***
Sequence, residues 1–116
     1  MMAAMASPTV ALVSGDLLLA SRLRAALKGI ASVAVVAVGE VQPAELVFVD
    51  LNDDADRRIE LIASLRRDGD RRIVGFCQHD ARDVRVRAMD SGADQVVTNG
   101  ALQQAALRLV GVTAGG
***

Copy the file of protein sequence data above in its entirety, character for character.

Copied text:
Sequence, residues 1–116
     1  MMAAMASPTV ALVSGDLLLA SRLRAALKGI ASVAVVAVGE VQPAELVFVD
    51  LNDDADRRIE LIASLRRDGD RRIVGFCQHD ARDVRVRAMD SGADQVVTNG
   101  ALQQAALRLV GVTAGG